Australian shares lifted on Thursday morning, after falling for the past three trading days, as US markets began to recover from its heavy losses in recent days.
The ASX 200 gained 1 per cent, to 7,336 points, by 10:40am AEST.
Blue-chip stocks like BlueScope Steel (+2pc), Fortescue Metals (+3.6pc), BHP (+3.2pc) and Rio Tinto (+2.5pc) gave the local share market a strong boost.
The Australian dollar rose moderately yesterday, after the ABS released figures showing that consumer inflation had surged 5.1 per cent in the past year, its biggest jump in two decades.
However, it has since fallen back to 71.2 US cents. The local currency has fallen sharply this month — from 76 US cents (in early April) to as low as 71 US cents overnight.
AMP downsizes, sells off lucrative businesses
AMP shares jumped 9.8 per cent, making it one of today’s best performing stocks.
This was after the wealth manager announced it was selling its subsidiary AMP Capital’s international infrastructure equity business for up to $699 million.
The buyer is US-based digital infrastructure firm DigitalBridge.
It was the second major deal that AMP announced in two days. Yesterday, AMP revealed it was selling AMP Capital’s real estate and domestic infrastructure equity business to Dexus for up to $550 million.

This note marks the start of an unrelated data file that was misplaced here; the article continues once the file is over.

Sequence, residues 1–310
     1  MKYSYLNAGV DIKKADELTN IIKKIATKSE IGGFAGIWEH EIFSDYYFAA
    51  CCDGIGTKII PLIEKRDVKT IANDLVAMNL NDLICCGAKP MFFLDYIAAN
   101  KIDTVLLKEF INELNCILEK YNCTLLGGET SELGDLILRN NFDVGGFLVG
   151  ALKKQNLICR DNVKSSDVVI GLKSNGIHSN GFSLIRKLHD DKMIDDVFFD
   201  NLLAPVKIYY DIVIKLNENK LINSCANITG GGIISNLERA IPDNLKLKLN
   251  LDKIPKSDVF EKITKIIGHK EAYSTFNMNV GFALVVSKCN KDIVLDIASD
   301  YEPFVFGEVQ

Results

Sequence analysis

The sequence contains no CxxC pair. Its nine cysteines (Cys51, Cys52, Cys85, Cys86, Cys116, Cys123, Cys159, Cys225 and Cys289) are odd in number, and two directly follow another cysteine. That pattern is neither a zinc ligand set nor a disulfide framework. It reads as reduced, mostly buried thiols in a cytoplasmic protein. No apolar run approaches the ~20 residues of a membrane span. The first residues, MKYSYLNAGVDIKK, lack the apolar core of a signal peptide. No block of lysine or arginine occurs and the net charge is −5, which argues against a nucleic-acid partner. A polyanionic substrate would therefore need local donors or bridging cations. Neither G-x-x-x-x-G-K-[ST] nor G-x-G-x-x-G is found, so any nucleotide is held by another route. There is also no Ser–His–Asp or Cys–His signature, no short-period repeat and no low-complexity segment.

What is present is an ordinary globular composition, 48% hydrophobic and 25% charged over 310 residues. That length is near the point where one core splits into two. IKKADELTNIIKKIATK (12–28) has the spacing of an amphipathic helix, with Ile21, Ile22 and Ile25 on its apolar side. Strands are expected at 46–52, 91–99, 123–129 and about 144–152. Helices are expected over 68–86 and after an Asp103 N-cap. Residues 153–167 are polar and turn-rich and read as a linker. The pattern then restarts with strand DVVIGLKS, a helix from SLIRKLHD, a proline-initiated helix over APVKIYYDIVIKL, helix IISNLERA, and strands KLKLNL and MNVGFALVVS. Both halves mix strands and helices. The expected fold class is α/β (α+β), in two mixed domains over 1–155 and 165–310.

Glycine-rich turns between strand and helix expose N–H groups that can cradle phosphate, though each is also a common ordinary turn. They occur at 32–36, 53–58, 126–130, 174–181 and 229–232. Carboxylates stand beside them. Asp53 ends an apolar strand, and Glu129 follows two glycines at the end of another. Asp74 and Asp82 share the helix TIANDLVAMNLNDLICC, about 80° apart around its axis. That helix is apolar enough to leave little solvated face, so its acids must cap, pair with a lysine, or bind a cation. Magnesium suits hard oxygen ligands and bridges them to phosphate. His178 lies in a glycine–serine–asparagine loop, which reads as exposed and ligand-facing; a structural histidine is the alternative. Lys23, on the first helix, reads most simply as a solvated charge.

After these sales, AMP will get out of the private markets business, and focus solely on banking, wealth and financial advice..
The company has been overhauling its strategy since a 2017 Royal Commission into the financial services industry that, along with a slew of corporate misconduct controversies, resulted in an exodus of clients.
Meta profit rises despite Russia ban
Meanwhile, the stand-out performer on Wall Street was Facebook’s parent company, Meta.
The social media company’s share price jumped 19 per cent in after-hours trade after it reported much better-than-expected quarterly results, and revealed the number of users on its Facebook platform are growing once again.
Russia banned Facebook and Instagram in March, finding Meta guilty of “extremist activity” amid Moscow’s crackdown on social media during its invasion of Ukraine.
But its messaging service WhatsApp is not affected by the ban. Meta has also barred advertisers in Russia from creating and running ads anywhere in the world.
Despite that, Meta’s profit in the March quarter was $US2.72 per share (surpassing analyst estimates of $US2.56 per share, according to IBES data from Refinitiv).
Total revenue, the bulk of which comes from advertising sales, rose 7 per cent, to $US27.91 billion in the March quarter (but missed analysts’ estimates of $US28.2 billion).
Net income fell 21 per cent to $US7.47 billion (but it still beat analysts’ estimates of $US7.15 billion).
Facebook emerging market growth is ‘starting to dry up’
One of the company’s key metrics is the number of daily active users (DAU) on Facebook, which came it at 1.96 billion people during the quarter. DAU measures the level of activity on the platform, and is closely watched by advertisers.
However, the number of monthly active users on Facebook came in at 2.94 billion (missing Wall Street estimates by 30 million).